And they certainly would kill him, if Todd didn't need him. Next thing you know, Todd is knocking on Andrea's door, late at night.  Todd isn't wearing a ski mask, which is bad new for Andrea.  He says Jesse is in the truck parked on the street. Turns out he's telling the truth.  At first you might think they're just going to kidnap her to get Jesse motivated, but no, sweet-faced dead-eye Todd caps her in the head.  One of the most heartbreakikng deaths ever on the show.  If this were the middle of the series I might stop watching now.  And Jesse has front row seats--he's uffered more than anyone else on this show, but it never ends.  It's also a reminder that even people peripheral to Walt die.  I thought she'd make it, but no one is safe.

Back at the cabin, Walt excitedly awaits the monthly visit from the vacuum repairman. Walt's hair has grown out so we can figure it's been a few months.  Probably just short of his 52nd birthday.  Forster brings newspapers and other goodies, including news of all the trouble Skyler is in.  Also the White residence has been fenced in by the bank, since it became a tourist attraction, so to speak.

He also brings the chemo bag for some homemade medical help.  Heisenberg is a weak old man, near death.  Not so long ago he thought he could control everything, but now he can't even leave his cabin.  Lonely, pathetic Walt begs the guy to stay a couple more hours. He'll pay him $10,000.  He also says some day Forster will return and he'll be dead, so would he promise to get the money to Walt's family.  Forster knows enough not to even make the promise--could Walt believe him (even if he could somehow get the money to a family that's getting so much attention)?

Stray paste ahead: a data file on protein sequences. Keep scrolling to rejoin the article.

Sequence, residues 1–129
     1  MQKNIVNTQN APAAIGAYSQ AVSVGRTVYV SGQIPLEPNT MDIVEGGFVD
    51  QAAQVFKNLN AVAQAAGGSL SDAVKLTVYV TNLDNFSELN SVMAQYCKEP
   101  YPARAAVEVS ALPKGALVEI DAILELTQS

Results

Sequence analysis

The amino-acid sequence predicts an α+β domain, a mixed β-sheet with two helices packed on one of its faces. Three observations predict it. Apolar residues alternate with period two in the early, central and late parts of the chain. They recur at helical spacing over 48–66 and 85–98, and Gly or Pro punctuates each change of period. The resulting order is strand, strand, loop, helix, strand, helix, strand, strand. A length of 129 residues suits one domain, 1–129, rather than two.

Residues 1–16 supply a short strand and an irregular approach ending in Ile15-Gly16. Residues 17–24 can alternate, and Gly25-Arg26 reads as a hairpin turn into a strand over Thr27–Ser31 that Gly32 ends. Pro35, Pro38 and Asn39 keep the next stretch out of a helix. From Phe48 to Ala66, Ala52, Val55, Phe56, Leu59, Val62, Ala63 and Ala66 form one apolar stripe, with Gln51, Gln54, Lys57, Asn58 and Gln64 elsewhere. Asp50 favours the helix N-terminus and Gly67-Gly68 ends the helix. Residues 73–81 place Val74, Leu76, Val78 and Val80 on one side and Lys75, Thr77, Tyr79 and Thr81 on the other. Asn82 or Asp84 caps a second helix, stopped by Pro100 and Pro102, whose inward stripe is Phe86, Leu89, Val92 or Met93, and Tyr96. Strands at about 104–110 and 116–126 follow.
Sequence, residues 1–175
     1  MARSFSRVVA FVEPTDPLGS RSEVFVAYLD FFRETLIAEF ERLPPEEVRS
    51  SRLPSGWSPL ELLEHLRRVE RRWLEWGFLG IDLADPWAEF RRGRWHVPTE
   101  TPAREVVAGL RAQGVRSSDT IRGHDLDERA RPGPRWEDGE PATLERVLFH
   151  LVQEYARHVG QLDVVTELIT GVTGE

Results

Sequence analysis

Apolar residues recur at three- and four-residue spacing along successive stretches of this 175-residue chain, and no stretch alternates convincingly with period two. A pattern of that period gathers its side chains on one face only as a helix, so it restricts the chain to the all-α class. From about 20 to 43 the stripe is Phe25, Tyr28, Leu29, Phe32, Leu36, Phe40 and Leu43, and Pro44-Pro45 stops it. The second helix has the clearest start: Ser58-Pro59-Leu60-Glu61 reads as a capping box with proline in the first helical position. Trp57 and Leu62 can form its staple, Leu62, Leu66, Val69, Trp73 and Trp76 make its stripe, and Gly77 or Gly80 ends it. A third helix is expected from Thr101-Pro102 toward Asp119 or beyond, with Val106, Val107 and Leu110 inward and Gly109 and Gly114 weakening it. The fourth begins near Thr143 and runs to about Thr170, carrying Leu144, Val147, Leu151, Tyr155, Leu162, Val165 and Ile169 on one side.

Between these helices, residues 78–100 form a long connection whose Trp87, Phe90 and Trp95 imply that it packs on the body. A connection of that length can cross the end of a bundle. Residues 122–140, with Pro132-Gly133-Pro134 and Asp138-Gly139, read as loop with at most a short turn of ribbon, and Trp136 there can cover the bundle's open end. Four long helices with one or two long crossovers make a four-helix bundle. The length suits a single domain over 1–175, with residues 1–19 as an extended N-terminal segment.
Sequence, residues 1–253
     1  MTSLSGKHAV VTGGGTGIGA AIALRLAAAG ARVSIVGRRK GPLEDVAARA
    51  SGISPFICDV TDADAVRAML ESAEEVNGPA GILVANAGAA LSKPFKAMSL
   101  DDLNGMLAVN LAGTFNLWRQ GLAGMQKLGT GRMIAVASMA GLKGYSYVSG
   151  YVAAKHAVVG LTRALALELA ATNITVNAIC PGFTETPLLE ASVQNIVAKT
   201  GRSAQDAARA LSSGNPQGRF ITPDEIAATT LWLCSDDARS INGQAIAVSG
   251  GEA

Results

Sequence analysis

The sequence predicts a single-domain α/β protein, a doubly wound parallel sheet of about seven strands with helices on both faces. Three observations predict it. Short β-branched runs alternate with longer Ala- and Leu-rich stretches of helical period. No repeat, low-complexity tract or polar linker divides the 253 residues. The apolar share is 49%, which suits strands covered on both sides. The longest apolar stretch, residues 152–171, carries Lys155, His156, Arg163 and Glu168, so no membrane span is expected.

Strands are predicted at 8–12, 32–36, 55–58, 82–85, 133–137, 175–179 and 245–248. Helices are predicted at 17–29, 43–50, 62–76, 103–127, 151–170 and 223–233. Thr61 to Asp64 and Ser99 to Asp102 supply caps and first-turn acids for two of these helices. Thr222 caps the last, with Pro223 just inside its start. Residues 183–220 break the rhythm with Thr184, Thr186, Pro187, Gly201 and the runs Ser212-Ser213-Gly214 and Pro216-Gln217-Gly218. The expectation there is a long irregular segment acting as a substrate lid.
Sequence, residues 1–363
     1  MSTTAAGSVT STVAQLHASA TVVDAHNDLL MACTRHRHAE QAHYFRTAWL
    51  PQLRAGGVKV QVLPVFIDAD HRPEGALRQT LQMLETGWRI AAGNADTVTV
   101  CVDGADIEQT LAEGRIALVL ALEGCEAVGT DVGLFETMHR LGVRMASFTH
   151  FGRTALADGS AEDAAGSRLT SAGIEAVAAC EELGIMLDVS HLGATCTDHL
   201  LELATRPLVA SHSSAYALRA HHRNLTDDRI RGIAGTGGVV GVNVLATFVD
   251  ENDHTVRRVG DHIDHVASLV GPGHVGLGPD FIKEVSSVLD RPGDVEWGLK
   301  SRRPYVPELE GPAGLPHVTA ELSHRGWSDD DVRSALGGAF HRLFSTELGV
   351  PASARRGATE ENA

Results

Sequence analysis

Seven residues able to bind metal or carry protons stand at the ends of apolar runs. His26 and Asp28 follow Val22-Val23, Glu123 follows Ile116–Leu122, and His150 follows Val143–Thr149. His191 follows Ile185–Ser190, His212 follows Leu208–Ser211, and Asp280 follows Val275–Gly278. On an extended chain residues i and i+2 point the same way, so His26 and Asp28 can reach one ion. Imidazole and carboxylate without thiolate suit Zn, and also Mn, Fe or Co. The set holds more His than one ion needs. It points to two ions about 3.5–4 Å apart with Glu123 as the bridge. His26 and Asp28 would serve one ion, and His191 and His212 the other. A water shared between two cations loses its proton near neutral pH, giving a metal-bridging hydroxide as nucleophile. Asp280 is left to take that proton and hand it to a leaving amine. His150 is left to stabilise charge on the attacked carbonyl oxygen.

Walt is defeated.  Time to officially give up?  Next morning he puts $100,000 in a parcel and walks into town.  Now we see Junior in high school, pulled out of class (by the hot pricinpal whom Walt made a pass at seasons ago).  Supposedly Aunt Marie is on the phone for him, but it's really a woman at a bar in New Hampshire--Walt put her up to it.  Once Flynn has answered, Walt talks, almost crying to hear his son.  He tries to explain why he did what he did, even if it fell apart. He also plans to send the money to the friend--Louis--whom Junior is staying with.  But Junior is done with his dad.  He doesn't want anything. His father--he believes--is responsible for Uncle Hank's death. (And isn't he?) Junior screams at his dad to just die already.

Wouldn't the principal figure out who was on the other end and let the authorities star 69 it?  Turns out she won't have to.  Walt calls the DEA and admits he's Walter White, and leaves the phone off the hook.  The authorities should be by soon enough.

He goes up to the bar and orders a drink.  It's over.  Then he sees something on TV that intrigues him--Charlie Rose (who let out a while ago he did a Breaking Bad) interviewing his old Gray Matter pals Elliot and Gretchen.  It's nice to see them again.  I thought they'd be gone for good, but you never know who'll be pulled back in on this show. (It's the middle of the day.  I don't recall Charlie Rose being on in the middle of the day, but who knows what goes on in New Hampshire).